• The real Noah’s Ark?

    01/13/2015 8:24:16 AM PST · by fishtank · 17 replies
    Creation Ministries International ^ | 1-10-15 | Dominic Statham
    The real Noah’s Ark? by Dominic Statham Dr Irving Finkel’s new book in which he claims to have found the original Flood story. Dr Irving Finkel is an Assyriologist at the British Museum in London and an expert in ancient cuneiform scripts. In recent months he has become something of a celebrity, following the publication of his book, The Ark Before Noah: Decoding the Story of the Flood,1 and the Channel 4 documentary, The Real Noah’s Ark.2 The source of this media hype is his recent translation of a small Babylonian tablet, named the Ark Tablet. It is about the...
  • Mystery of the mile-wide ring in Antarctica: Enormous scar may be crater from house-sized meteorite

    01/12/2015 6:45:03 AM PST · by C19fan · 23 replies
    UK Daily Mail ^ | January 12, 2015 | Richard Gray
    An enormous impact crater thought to have been created by a meteorite the size of a house smashing into Earth has been discovered in the Antarctic ice sheet. Scientists conducting a routine aerial research flight above East Antarctica noticed a strange ring-like structure in the normally flat and featureless ice. It appeared to be a series of broken 'icebergs' surrounded by a 2km (1.24 miles) wide circular scar, surrounded by a few other smaller circular scars in the ice.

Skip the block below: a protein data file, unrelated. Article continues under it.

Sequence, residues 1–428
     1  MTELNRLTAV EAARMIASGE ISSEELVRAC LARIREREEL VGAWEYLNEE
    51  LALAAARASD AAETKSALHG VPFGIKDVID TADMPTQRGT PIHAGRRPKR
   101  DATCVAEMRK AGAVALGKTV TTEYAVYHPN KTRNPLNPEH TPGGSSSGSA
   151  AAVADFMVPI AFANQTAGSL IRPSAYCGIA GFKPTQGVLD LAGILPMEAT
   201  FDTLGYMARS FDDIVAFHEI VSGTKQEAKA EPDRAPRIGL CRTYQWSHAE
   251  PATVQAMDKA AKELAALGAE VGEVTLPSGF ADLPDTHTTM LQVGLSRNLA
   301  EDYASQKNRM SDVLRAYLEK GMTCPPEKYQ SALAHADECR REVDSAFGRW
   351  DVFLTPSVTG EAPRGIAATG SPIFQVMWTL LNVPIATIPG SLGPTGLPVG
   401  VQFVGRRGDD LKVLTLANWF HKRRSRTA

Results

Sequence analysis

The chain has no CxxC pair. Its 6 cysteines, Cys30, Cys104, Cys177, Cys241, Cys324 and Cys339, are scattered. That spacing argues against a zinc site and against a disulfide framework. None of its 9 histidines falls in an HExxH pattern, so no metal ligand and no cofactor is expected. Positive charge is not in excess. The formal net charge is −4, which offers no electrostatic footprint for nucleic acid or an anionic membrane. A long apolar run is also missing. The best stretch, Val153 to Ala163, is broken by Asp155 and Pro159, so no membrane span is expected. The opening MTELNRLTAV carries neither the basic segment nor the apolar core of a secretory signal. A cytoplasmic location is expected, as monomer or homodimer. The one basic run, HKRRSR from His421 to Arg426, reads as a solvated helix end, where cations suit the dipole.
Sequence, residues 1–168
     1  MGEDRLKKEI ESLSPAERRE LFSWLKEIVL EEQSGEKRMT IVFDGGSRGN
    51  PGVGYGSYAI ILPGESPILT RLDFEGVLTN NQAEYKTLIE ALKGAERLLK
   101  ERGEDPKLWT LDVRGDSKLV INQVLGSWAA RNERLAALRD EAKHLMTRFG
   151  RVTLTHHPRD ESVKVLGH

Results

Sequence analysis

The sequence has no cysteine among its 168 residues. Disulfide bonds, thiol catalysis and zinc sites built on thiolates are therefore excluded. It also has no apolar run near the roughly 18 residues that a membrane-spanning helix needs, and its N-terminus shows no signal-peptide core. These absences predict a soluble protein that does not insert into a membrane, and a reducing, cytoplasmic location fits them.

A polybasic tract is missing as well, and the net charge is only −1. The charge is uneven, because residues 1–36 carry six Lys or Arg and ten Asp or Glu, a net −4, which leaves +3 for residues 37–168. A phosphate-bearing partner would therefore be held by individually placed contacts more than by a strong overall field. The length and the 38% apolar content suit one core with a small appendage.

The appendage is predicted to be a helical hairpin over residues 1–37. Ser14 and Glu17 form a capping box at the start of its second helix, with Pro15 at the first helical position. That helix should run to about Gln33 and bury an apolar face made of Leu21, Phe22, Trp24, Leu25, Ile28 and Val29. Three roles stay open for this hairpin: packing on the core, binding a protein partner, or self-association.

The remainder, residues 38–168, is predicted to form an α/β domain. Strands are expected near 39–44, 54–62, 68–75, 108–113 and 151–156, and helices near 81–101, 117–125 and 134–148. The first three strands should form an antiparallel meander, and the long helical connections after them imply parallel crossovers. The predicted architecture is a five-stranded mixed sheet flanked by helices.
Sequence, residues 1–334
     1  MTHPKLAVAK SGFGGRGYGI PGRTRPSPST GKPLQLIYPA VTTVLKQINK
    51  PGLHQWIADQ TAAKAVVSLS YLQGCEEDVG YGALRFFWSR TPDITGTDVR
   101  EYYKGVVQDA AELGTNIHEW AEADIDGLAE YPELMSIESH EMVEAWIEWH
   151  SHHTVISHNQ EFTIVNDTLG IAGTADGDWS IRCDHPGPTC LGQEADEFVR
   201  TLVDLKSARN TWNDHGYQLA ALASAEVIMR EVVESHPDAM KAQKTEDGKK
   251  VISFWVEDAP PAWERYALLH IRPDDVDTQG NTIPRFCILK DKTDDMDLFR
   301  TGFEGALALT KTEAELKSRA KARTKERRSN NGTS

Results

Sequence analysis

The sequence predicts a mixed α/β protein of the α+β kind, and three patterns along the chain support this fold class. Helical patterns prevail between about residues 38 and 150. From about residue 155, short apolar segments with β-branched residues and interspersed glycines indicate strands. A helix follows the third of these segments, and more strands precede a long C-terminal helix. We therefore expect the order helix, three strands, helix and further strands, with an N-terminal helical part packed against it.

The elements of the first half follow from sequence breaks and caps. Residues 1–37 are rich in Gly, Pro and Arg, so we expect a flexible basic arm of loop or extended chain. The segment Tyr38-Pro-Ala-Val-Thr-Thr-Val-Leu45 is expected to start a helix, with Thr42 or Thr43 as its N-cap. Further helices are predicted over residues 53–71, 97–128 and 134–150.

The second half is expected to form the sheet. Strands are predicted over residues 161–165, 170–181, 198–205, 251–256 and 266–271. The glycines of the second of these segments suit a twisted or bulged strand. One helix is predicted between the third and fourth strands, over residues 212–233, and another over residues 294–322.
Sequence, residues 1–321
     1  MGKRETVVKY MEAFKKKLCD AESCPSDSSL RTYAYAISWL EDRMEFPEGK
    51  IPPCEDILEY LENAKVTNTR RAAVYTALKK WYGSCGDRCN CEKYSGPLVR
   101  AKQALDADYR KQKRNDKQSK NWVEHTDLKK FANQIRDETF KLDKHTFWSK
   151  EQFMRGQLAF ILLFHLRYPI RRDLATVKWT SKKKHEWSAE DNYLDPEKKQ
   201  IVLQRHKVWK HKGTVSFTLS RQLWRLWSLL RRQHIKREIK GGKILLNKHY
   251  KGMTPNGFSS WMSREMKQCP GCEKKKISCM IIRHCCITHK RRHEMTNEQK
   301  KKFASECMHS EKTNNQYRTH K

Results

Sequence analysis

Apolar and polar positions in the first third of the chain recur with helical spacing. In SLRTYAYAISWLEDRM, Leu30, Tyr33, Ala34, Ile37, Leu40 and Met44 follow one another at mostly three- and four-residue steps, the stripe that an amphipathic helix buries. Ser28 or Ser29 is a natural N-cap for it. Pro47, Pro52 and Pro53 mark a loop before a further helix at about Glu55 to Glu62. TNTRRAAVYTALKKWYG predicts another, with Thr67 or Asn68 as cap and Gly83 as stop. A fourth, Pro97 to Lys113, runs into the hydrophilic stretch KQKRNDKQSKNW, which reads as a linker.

• New Thoughts on the Impact of Climate Change in Neolithic China

    01/12/2015 2:11:03 AM PST · by SunkenCiv · 23 replies
    Archaeology Magazine ^ | Friday, January 09, 2015
    It had been thought that the deserts in northern China are one million years old, but a new study of the Hunshandake Sandy Lands of Inner Mongolia suggests that its desert is only 4,000 years old. Xiaoping Yang of the Chinese Academy of Sciences, Louis Scuderi of the University of New Mexico, and their colleagues examined the patterns of dunes and depressions in the region and lake sediments, and they dated quartz from the region with a technique known as optically stimulated luminescence. They found that Hunshandake had deep lakes and rivers beginning some 12,000 years ago. "We're amazed by...